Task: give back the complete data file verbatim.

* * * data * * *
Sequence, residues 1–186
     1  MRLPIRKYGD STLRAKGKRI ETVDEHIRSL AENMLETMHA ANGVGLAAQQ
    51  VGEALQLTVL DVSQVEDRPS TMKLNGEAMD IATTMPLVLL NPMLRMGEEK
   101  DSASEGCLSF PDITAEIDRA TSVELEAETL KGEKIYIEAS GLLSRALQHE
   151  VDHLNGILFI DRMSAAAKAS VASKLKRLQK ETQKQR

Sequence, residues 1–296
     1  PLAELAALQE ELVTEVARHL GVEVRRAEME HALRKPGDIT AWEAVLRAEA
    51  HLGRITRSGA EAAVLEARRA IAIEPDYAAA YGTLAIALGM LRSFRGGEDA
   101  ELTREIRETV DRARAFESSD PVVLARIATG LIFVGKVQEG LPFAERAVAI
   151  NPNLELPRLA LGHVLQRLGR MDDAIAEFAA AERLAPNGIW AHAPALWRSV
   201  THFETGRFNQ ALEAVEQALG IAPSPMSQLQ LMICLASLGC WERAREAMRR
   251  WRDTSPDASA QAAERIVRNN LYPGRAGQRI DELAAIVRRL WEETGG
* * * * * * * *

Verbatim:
Sequence, residues 1–186
     1  MRLPIRKYGD STLRAKGKRI ETVDEHIRSL AENMLETMHA ANGVGLAAQQ
    51  VGEALQLTVL DVSQVEDRPS TMKLNGEAMD IATTMPLVLL NPMLRMGEEK
   101  DSASEGCLSF PDITAEIDRA TSVELEAETL KGEKIYIEAS GLLSRALQHE
   151  VDHLNGILFI DRMSAAAKAS VASKLKRLQK ETQKQR

Sequence, residues 1–296
     1  PLAELAALQE ELVTEVARHL GVEVRRAEME HALRKPGDIT AWEAVLRAEA
    51  HLGRITRSGA EAAVLEARRA IAIEPDYAAA YGTLAIALGM LRSFRGGEDA
   101  ELTREIRETV DRARAFESSD PVVLARIATG LIFVGKVQEG LPFAERAVAI
   151  NPNLELPRLA LGHVLQRLGR MDDAIAEFAA AERLAPNGIW AHAPALWRSV
   201  THFETGRFNQ ALEAVEQALG IAPSPMSQLQ LMICLASLGC WERAREAMRR
   251  WRDTSPDASA QAAERIVRNN LYPGRAGQRI DELAAIVRRL WEETGG